Rebuilding the American Foundation- Part 1

Posted: 11th December 2013 by brednane1981 in Super Tool
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Much discussion has been afforded on the notion of re-shoring; the returning home of outsourced production. And while all the talk speaks the truth, that America is starting to celebrate its homecoming of jobs, let’s not forget what is at stake. Manufacturing is all too often shunned of the spotlight that it really deserves. People, a middle class people, working hard to produce goods and provide services for the rest of world to use, while at the same time buying goods and earning a decent living wage to support their family. Manufacturing is the WD-40 to the economic wheel. This is a time to come together, get back to work, and help get the wheel turning again. Part 1 of this 3 part series will present a little background on what’s happening at home, part 2 will look at what’s happening overseas (selected areas) and part 3 will try to draw some conclusions.

What’s Happening in America…

As American factories continue to produce high quality durable goods, demand for American products is going up. Over the past year, American manufacturing has continuously seen a rise in production. As the country continues to move out of recession, manufacturing of machine tools and equipment are soaring higher than ever and are projected to continue rising well into 2014. Factory capacity is filling up in machine shops all over the country, reaching about 77 percent according to an article in Modern Machine Shop. This is good news for everyone. As the recession passes, demand for goods goes up, production goes up, jobs are created, and people go back to work. As people work,  money goes in their pockets,  they begin to spend more, and the economic wheel begins to turn. At the same time, other countries will increase their buying of American products and place new orders.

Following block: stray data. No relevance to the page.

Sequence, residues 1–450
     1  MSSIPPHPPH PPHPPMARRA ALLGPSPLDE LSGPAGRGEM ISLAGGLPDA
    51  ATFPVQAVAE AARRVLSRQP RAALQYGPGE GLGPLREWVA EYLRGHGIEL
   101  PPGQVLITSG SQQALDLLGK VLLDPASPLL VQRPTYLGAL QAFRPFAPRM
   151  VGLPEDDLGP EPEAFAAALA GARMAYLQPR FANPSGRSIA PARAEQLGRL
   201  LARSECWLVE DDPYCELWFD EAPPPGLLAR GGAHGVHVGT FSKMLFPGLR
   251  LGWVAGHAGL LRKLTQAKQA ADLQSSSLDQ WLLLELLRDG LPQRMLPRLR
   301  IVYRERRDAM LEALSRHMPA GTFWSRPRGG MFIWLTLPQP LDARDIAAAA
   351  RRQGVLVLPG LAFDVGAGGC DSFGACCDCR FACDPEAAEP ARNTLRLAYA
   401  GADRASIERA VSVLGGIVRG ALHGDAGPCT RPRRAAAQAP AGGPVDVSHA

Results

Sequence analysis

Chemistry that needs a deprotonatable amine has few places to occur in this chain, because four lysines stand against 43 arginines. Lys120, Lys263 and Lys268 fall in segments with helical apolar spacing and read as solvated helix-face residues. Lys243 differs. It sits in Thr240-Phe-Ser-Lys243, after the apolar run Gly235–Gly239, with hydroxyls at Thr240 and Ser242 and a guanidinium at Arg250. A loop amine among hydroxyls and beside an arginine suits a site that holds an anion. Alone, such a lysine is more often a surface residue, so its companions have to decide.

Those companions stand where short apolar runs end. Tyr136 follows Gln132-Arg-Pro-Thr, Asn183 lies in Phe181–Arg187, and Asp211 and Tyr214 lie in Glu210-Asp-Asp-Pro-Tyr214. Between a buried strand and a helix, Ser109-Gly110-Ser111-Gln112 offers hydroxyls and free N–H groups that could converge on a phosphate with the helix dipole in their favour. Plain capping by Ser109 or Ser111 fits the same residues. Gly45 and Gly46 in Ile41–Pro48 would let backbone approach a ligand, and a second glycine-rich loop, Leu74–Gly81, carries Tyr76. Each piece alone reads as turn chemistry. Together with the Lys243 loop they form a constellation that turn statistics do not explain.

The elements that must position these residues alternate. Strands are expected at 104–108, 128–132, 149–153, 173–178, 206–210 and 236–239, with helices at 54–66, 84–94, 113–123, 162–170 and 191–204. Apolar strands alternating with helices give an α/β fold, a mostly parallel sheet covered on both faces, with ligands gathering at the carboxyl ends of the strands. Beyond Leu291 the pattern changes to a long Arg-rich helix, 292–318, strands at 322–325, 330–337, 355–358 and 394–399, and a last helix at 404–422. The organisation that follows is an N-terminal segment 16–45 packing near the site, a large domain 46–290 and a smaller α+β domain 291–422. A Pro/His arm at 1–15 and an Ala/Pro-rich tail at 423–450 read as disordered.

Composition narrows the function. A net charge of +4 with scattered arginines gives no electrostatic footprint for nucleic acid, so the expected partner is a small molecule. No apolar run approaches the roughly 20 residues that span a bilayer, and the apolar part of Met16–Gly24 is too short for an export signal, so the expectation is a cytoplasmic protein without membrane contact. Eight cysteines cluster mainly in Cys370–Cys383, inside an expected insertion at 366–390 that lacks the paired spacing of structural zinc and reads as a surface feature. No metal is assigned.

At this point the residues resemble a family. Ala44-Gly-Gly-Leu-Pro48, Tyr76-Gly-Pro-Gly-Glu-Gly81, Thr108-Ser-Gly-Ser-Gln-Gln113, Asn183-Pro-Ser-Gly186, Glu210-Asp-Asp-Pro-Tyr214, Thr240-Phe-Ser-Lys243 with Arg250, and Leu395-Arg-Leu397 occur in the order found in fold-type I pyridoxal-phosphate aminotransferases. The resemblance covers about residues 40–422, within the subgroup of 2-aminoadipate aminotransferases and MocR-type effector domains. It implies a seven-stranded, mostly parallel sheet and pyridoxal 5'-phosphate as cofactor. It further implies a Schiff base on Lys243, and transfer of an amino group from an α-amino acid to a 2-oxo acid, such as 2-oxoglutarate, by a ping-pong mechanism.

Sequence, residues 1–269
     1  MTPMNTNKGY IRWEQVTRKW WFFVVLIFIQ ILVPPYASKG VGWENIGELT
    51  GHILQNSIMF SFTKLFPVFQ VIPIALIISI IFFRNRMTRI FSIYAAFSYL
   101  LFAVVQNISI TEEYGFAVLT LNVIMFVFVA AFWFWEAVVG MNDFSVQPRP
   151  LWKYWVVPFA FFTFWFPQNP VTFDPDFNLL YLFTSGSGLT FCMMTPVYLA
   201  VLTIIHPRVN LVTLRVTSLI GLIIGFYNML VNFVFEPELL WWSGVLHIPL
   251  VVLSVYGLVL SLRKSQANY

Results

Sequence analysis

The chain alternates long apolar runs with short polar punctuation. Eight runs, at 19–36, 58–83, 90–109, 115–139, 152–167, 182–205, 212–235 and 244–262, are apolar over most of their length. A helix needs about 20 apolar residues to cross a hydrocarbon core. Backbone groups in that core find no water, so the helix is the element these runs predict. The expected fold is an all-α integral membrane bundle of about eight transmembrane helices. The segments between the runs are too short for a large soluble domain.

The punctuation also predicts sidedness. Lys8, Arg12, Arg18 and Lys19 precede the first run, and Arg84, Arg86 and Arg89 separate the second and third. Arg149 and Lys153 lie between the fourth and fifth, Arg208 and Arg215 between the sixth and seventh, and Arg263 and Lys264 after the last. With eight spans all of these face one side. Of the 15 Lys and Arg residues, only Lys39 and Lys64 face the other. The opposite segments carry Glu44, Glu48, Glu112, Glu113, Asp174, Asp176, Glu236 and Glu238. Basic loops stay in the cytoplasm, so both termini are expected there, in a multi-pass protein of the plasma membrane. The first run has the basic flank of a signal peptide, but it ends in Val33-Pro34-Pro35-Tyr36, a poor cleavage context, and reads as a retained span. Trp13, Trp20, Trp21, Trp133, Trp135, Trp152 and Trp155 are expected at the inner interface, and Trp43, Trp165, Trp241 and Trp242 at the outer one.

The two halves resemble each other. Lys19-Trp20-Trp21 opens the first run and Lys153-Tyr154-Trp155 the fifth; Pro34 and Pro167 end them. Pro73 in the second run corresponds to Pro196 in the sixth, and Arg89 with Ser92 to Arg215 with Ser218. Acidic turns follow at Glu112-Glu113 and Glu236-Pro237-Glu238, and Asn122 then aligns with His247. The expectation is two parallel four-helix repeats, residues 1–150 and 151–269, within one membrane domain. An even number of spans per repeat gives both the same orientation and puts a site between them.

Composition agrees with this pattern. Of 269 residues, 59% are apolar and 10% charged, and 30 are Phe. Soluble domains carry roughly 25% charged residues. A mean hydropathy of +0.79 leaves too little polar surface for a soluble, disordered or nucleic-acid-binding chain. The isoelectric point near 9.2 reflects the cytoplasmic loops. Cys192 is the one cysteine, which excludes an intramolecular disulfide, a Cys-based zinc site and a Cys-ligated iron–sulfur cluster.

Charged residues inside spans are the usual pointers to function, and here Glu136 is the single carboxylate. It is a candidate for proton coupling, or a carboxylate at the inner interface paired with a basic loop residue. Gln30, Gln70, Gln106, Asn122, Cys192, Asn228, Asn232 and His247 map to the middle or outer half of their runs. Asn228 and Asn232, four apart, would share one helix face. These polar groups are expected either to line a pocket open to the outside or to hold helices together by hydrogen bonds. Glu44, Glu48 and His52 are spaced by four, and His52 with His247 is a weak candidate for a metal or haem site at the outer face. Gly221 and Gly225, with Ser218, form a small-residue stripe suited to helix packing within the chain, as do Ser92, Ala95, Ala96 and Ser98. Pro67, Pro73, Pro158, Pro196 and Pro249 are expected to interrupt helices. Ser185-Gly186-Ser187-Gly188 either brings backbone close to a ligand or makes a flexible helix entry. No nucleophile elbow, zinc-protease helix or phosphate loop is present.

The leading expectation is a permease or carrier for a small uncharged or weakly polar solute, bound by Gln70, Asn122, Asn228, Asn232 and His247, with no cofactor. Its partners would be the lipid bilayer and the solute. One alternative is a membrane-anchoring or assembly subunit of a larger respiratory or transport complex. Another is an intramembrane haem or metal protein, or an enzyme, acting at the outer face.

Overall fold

For 2013, the big increase was in the purchasing of real capital goods, i.e. equipment and machinery, and is continuing to climb. Modern Machine Shop reported that “according to the 2014 Metalworking Capital Spending Survey by Gardner Research, U.S. metalworking facilities will spend $7.442 billion, an increase of almost 19% over 2013, on new metalcutting equipment next year.”  For machine tools specifically, factories purchasing more capital goods is a great sign because if the manufacturers of end products (planes, trains, and automobiles, and die and mold plants to name a few) are increasing their capacity for work, then they will be ordering more tools, which increases the shop load of tool manufacturers.

Re-shoring is another sign of things to come. As work that was once sent out of the country begins to be brought home, businesses have a need to hire more workers. This is good all around for individuals, for the business, and for the economy as a whole.  Not everything that was outsourced will be brought home. Some operations that were at first sent to perhaps China may still be outsourced only to India, Taiwan, or Vietnam. That is to be expected. What’s important is taking those jobs that are coming home and embracing them to keep them here.

Increase in production orders and re-shoring has forced business leaders to be creative and find a way around a big problem that has been staring them in the face: the need for more skilled laborers. To help solve this problem, manufacturers have turned to automation machines. By using more automated machines, businesses can increase their productivity while maintaining a smaller labor force.

This is a crucial time for the country to reset itself and fix the crack in the foundation that has thrown everyone off balance. The strength of manufacturing in the U.S. is steering the country back to economic growth. All the tools are right there to get everything back on track and start paving the way for a brighter future. Check back this Friday (12/13/2013) for part 2 of this 3 part discussion.

Chadd Brown
Super Tool, Inc. 


The following link is to the Modern Machine Shop article mentioned above:

Click Here for Part 2…